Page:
Among those recorded the following day were: John McGuire, James Trimble and John White; more names associated with John Allen. I have not been able to determine who actually recorded the Clark Co. taxpayers, but David Bullock, Clark County Clerk, attested to their accuracy.

From what I have been able to determine, it wasn’t until 1810 that taxpayers were required to travel to the tax commissioners to file their taxes. Previous to that time tax commissioners travelled the countryside, no doubt attempting to visit all those in a given area at the same time. It was also normal and customary for pioneers to invite travellers to have dinner and spend the night with them. A tax commissioner might have spent the entire week away from his own home, except for Saturday and Sunday, which were reserved for church activities.

The men with land at Anderson’s Station had acquired preemptions on their land there while living at Fort Boonesborough around 1779, but it had been too dangerous to actually move their families until 1789-92.

The Great Warriors Path ran directly through Anderson’s Station following Hinkston Creek from the north on to Lulbegrud Creek to the south. It had been used for centuries by native Americans and connected the Great Lakes with the Gulf of Mexico.

The Hingston (aka Little Mountain Creek) flows northward from this ridge through Mt. Sterling, about 2 miles distant, eventually emptying into the Licking River and then the Ohio River. On the other hand, the Lulbegrud flows southward from the ridge down to the Red River.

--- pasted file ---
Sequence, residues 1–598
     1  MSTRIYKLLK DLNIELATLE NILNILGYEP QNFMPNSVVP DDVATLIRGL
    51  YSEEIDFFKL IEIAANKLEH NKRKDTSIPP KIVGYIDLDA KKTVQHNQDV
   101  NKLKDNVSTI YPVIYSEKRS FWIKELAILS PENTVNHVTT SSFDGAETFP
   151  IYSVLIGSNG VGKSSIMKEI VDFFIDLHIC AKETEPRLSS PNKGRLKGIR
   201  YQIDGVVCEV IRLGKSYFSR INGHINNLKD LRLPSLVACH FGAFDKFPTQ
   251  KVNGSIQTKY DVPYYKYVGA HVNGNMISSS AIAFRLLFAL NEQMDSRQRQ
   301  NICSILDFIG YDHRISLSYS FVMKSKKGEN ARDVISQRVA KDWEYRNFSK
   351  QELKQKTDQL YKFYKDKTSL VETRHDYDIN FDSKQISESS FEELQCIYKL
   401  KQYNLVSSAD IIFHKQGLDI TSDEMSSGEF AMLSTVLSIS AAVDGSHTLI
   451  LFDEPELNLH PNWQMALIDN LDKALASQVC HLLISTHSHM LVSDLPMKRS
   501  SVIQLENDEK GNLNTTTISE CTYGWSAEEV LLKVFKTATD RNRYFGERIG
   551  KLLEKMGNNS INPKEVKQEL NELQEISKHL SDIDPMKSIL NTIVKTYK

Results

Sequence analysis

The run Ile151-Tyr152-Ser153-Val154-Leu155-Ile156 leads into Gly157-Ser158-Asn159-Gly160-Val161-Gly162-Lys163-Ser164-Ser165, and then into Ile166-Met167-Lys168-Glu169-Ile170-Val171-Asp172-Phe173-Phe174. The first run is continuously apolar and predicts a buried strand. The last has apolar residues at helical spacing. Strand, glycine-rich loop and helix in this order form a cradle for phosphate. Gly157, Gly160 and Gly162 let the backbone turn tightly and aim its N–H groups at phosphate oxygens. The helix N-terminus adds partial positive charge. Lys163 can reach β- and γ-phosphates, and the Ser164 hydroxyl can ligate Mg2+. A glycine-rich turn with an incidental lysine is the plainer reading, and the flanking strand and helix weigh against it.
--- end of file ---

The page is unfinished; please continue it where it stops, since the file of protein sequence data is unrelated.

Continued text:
Since John Allen did not have a preemption for land, this suggests he had not arrived earlier in the 1770s, as some of the other settlers but had arrived in Kentuckysome possibly just before 1788. Since he didn’t have a military warrant to exercise, that suggests he didn’t serve in the Continental Army during the Revolutionary War. Although it is possible John did serve in a state militia, whose veterans were not elegible for land warrants.

John and his wife died before Federal pensions became available for veterans, so we haven’t been able to find anything showing he served in the war. He might have been too young, or he might have been too old. Or he might have served in a state other than Virginia. Only Virginia paid their soldiers with military land grants in Kentucky, which was one of its unorganized counties.